In one embodiment, the gathered information may include statistics collected for measurement-based handover, which the processing unit 435 may process and/or evaluate offline. Analyzing the handover statistics and then defining appropriate relationships between source cells and target cells may therefore replace conventional cell planning techniques for determining target cells for blind handover. For example, blind handover target cells may be selected based on network measurements that indicate the state of the network at approximately the time the handover is requested. Target cell selection may therefore be performed dynamically, which may increase the accuracy and reliability of the selection algorithm as well as reducing the requirements for cell-planning and increasing the handover success rate.
The target cell statistics for measurement-based handover may also be evaluated and analyzed online, e.g. by the processing unit 435. For example, a list of the best target cells for blind handover from each source cell may be updated each time a measurement-based handover is performed. The list of target cells may be stored in the memory units 430 or at any other location. The processing unit 435 may access the list to determine the best target cell(s) when a blind handover is requested. Such an adaptive mechanism may easily adapt to any changes in the network layout and configuration. For example, an adaptive mechanism using online evaluation of the measurement results and handover statistics may automatically adapt to new constellations that are formed when cells become temporarily unavailable and/or new base stations with new cells are added to the network.
Referring back to
The results of this process (e.g. actual measurement results, the selected target cell, handover success or failure, etc.) may be fed back to refine and improve the statistical data for the next handover events. In this way the decision mechanism can learn about the network conditions and the appropriate handover algorithms. Each handover event may therefore improve the statistics such that the decision mechanism may select the handover algorithm and/or target cell(s) for current network conditions in an optimal way. For example, the integrated selection mechanism may include a neural network that learns how to select target cells and/or handover algorithms based on the feedback information provided at the completion of each handover.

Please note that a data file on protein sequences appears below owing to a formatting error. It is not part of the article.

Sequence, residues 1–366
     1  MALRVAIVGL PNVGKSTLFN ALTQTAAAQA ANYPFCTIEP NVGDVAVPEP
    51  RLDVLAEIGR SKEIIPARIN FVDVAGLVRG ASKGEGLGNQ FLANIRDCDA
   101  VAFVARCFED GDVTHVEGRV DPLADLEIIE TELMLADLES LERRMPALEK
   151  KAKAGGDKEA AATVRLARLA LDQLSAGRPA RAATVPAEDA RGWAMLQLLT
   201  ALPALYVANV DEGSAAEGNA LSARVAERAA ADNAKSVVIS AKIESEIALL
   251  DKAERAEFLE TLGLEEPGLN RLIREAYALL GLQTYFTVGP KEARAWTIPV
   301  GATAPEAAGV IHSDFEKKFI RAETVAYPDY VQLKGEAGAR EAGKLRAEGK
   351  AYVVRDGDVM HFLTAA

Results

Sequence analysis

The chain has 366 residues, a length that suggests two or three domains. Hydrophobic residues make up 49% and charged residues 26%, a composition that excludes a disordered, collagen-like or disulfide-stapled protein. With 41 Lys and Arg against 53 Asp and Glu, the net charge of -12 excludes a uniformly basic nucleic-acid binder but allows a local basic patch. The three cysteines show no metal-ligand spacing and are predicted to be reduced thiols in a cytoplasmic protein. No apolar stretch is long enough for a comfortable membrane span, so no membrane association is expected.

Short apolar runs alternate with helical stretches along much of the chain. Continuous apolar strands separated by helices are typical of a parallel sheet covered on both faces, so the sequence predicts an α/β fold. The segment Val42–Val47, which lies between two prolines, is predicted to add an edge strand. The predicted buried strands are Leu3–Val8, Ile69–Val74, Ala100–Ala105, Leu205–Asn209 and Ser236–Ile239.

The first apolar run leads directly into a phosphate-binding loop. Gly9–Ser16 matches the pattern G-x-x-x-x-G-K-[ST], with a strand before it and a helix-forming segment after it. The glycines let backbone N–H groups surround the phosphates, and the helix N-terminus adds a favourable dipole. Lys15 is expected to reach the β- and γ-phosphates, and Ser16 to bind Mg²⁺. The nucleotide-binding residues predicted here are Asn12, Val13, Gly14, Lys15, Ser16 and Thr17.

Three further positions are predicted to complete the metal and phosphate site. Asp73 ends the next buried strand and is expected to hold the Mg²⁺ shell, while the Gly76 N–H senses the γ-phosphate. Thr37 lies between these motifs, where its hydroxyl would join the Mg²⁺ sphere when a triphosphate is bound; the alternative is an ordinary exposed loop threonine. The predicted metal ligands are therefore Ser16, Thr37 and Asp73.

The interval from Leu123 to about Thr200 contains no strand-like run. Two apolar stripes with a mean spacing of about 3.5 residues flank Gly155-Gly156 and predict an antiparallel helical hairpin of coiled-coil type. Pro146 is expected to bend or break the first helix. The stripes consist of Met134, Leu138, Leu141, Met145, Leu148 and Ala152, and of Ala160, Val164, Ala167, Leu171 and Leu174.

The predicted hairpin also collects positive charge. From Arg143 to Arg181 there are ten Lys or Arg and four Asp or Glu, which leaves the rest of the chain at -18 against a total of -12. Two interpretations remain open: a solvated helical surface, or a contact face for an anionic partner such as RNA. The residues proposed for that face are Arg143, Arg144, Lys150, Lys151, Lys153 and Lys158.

Embodiment of the techniques for selecting handover algorithms and/or target cells may have a number of advantages over conventional practice. In conventional handover selection algorithms, the target cell(s) for blind handover are performed during cell and/or network planning and this is typically a cumbersome process because different frequency bands and radio technologies are involved in inter-frequency and/or inter-RAT handovers. Embodiments of the handover selection algorithms and/or target cell selection algorithms described above may reduce effort required during the phase of network planning. For example, lists of target cell(s) may be automatically updated when the network layout changes, e.g. when new base stations with new cells are added to the network or a cell becomes temporarily (or permanently) unavailable. No re-planning with user interaction is required to update the target cell lists.
The handover failure rate may also be reduced if target cells for blind handover are determined in an adaptive way based on real network measurements. Effective usage of blind handover will yield better utilization of radio resources and blind handover performance by reducing usage of the compressed mode, which may increase network capacity. Adaptive selection of the handover mechanism may yield better network performance and a decreased handover failure rate. Furthermore, different handover algorithms might be needed when the network layout changes. The self-adaptive mechanisms described above may automatically select the appropriate handover algorithm in response to changes in the network layout.
The particular embodiments disclosed above are illustrative only, as the invention may be modified and practiced in different but equivalent manners apparent to those skilled in the art having the benefit of the teachings herein. Furthermore, no limitations are intended to the details of construction or design herein shown, other than as described in the claims below. It is therefore evident that the particular embodiments disclosed above may be altered or modified and all such variations are considered within the scope and spirit of the invention. Accordingly, the protection sought herein is as set forth in the claims below.
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|U.S. Classification||370/331, 455/450, 455/437, 370/328, 455/436, 370/235|
|Cooperative Classification||H04W36/24, H04W36/14|
|Oct 31, 2006||AS||Assignment|